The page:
Does an Open Workplace Work for You?
SAN JOSE, CA—What kind of workplace is best for you? Open vs. closed? Collaborative vs. private?
The debate is intensifying, with recent studies citing that open offices—i.e. floor plans that maximize the use of open spaces and minimize closed rooms—aren’t working; in fact, they may be disruptive and inhibit productivity. Other case studies show that they are working, by promoting collaboration and sparking creativity.
While we should continue this dialogue, it’s important that we view this not as a one-size-fits-all solution. The open office works in many cases but not all. So, before tenants decide on their best approach, they should perform their due diligence and understand what environment is right for them.
The office of the future—with open, creative, collaborative space as a centerpiece— will always evolve along with technology advances work styles changes. A good way to think about this issue is in terms of a “spectrum” of choices and customized solutions.
Whether the open office—or some iteration thereof—is right for you depends on many variables:
- Industry. While many technology companies seem to thrive in an open environment or a hybrid version, law firms, financial institutions, and advertising agencies are examples of industries where privacy is important.
- Culture and demographics. Tech-savvy, multi-tasking younger workers are typically more adaptable to open environments. The culture in many traditional offices is more structured,” with senior executives often feeling entitled and reluctant to give up their corner offices.
- Brand. How will it be integrated and reflected in the workplace in terms of its design and implementation? What does the workplace say about your values?
- Sustainability. How important are environmental factors like LEED (plans to promote renewable energy and employee health, with natural lighting and other “green” considerations).
- Mobility. Increasingly, companies are allowing more employees, such as sales staff, to work remotely. While this reduces space needs, many managers fear this decreases accountability. In any event, employees need to return to home base at some point to reconnect.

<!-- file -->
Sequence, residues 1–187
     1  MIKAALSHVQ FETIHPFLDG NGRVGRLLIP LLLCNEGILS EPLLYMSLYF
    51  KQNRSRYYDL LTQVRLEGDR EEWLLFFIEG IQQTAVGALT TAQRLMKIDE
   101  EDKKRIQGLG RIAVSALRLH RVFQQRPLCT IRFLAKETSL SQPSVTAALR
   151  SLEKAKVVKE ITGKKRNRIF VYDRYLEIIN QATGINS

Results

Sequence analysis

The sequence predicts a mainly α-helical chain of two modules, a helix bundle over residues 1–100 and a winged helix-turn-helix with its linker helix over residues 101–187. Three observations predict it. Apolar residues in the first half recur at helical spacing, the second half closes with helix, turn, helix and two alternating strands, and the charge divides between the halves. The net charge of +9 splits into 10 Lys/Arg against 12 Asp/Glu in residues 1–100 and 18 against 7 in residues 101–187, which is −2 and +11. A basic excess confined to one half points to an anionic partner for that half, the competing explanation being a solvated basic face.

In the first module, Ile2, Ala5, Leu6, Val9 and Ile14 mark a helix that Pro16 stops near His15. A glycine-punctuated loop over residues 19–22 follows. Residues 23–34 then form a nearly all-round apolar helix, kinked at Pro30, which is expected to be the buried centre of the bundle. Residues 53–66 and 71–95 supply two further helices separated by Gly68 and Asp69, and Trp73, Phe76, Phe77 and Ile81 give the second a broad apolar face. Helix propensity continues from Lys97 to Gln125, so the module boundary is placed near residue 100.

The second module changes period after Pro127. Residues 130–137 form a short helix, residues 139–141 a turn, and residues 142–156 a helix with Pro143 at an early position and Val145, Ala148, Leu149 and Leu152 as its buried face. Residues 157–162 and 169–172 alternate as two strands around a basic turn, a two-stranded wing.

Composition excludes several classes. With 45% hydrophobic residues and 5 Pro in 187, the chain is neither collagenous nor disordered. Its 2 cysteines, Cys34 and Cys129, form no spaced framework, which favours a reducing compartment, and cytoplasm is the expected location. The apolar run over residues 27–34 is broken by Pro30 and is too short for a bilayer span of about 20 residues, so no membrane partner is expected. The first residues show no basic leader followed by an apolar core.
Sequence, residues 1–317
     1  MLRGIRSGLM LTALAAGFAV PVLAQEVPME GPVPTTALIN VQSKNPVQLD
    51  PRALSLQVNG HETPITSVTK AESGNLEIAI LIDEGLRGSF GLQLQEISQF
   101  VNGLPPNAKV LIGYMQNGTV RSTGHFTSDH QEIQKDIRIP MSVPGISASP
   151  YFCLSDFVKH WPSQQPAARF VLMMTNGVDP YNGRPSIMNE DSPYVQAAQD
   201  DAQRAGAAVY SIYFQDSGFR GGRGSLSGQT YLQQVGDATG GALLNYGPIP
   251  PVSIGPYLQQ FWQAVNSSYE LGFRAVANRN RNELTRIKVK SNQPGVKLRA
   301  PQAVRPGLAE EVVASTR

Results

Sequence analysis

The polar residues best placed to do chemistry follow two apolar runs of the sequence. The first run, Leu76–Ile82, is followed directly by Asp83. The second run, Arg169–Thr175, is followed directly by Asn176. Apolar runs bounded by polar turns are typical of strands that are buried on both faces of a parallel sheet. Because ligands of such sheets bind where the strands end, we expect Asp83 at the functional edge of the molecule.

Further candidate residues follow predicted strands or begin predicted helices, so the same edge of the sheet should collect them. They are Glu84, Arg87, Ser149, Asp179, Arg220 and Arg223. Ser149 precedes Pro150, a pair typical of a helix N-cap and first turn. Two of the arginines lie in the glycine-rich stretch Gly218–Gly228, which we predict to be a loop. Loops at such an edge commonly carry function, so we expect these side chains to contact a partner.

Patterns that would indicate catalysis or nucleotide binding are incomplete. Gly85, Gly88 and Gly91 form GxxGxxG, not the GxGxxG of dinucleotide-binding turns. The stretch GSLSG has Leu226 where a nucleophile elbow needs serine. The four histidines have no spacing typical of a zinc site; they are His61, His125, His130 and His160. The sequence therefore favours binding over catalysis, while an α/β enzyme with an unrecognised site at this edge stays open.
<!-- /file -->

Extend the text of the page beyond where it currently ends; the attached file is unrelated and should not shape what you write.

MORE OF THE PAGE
- Business plan. Perhaps most important is the need to align your business plan with your workplace strategy. If you are in a growth mode and must recruit and retain talent, creative, collaborative environments that promote the “live-work-play” dynamic are attractive lures.
These variables contain many nuances. For instance, even tech environments may include engineers who need their own space to write code. On the flip side, financial institutions might benefit from common areas for staff to recharge. In this light, a generally open office can offer a variety of private and semi-private spaces, and more traditional environments can have open accommodations.
Distractions are a common issue in an open plan work setting. Depending on the setting, background music may create a positive buzz, or it may become annoying. When planning your acoustics, consider how sound masking can work for you.
Working with Workplace Specialists
Whether you’re a small startup or a mature organization, you need to carefully plan ahead. More than likely, you will want need to engage outside consultants who specialize in workplace design and solutions.
Experienced project managers who understand workplace issues can help answer the questions posed above. They can provide objective analysis and start-to-finish support, including strategic planning, design, and implementation.
The best project managers have mastered the art of listening and engaging tenants in the process. At the same time, project managers must know how to prevent clients from following the wrong path.
Precedents and Economics
While the open office is a hot topic today, the genesis of is concept goes back to the last century. And before it became a trend on the West Coast, it had its roots in parts of Europe and Japan.
The open office is here to stay. A recent IFMA (International Facilities Management Association) survey of members revealed that 60% have open offices, 32% have private offices and 8% have a team-oriented “bullpen” style. The survey stresses, however, that no two offices are exactly alike.
In short, it’s not an open-or-closed case. It’s not a decision to make in haste or in a vacuum. Rather, it’s a critical corporate issue with bottom-line implications that you should address with the understanding that you are a unique enterprise…and as such, you need a unique plan for your workplace.
Robin Weckesser is a managing principal and head of the project management group at Cresa San Jose. He may be contacted at firstname.lastname@example.org. The views expressed here are the author’s own.
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